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(sex)uality: consent is necessary

Recently, there was a sexual ‘consent’ campaign around my university campus.  It was great that somebody was focused on the issue and trying to make it a topic of conversation. The posters were placed in the bathrooms around the campus. The campaign slogan was ‘Consent is sexy’. As one prominent psychology lecturer questioned, ‘Shouldn’t it be consent is necessary?

In a legal setting, consent is defined as an act of reason and deliberation. In order to consent, the individual must possess enough mental capacity to make a decision to act or permit of an action. In the context of sexual activity, how would you define consent?

I personally believe that consent in a sexual encounter involves both people wanting to engage in the behaviour and saying ‘yes’.  I think sometimes it is assumed that the absence of a ‘no’ constitutes consent. However, in some situations an individual can feel threatened to the point they feel their resistance will be futile and submit as a result. This is not consensual.

In recent years, there have been a number of alleged incidents of sexual assault involving Australian footballers. The situations described usually involved a woman thinking she was going to engage in sexual activity with one footballer and ending up in a sexual situation with multiple players of the team. Let’s say I found myself in a situation where I been drinking at my local and met a footballer I was very attracted to. He had invited me to the toilet cubicle to fool around. Next thing I know, I am in a cubicle with not one, not two, but three professional footballers. Possibly with someone filming on his mobile phone as well.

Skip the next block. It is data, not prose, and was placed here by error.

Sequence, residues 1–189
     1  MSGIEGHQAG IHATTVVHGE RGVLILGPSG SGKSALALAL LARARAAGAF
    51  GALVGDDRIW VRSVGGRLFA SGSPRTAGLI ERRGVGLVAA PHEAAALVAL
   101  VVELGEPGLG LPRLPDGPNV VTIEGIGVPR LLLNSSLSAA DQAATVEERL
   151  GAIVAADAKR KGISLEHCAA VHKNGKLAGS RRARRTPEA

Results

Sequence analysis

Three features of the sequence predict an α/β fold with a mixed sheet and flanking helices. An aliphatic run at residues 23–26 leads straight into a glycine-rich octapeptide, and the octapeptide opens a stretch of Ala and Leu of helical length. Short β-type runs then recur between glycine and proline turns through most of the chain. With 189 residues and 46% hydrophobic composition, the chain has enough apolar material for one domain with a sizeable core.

If I found myself in a situation like this, I would feel like I had two options. The first is say, ‘No, stop. This is not what I signed up for’. The alcohol fuelled, sexually aroused, twice my size, incredibly strong footballers could stop, apologise and leave me alone. Or, they could continue, perhaps not hearing my protests or perhaps too aroused and inebriated to take heed.

My second option is to not say anything. This is a way of avoiding potential violence and the sure knowledge that I had been raped. It is a coping strategy. This way, I am left to carry the lifelong ramifications of the experience and the self-blame that I did not say no and therefore “it could not have been rape”.

I believe there is a point where the absence of a ‘no’ no longer qualifies as consent. I don’t believe it is too much to ask that the question, ‘Is it okay if I invite my two friends and a budding filmmaker to join us?’ be necessary.

We need to change the culture around consent. Men and women need to understand that consent is not as simple as yes or no. The Men Can Stop Rape website and movements like Slutwalk are opening the dialogue about rape myths. Kaylia Payne’s article about the #ididnotreport hashtag discusses the more subtle situations of harassment and abuse that we ignore and disregard. We can’t ignore and disregard any form of harassment as that sends the okay to disregard the rest.

The meaning of consent changes in situations where there is a strong power imbalance. This includes, but is not limited to, situations like the one described above, instances involving minors, being under the influence of drugs and alcohol, and circumstances involving individuals with intellectual disabilities. On these occasions, the individual is not always able to understand the consequences of acquiescence.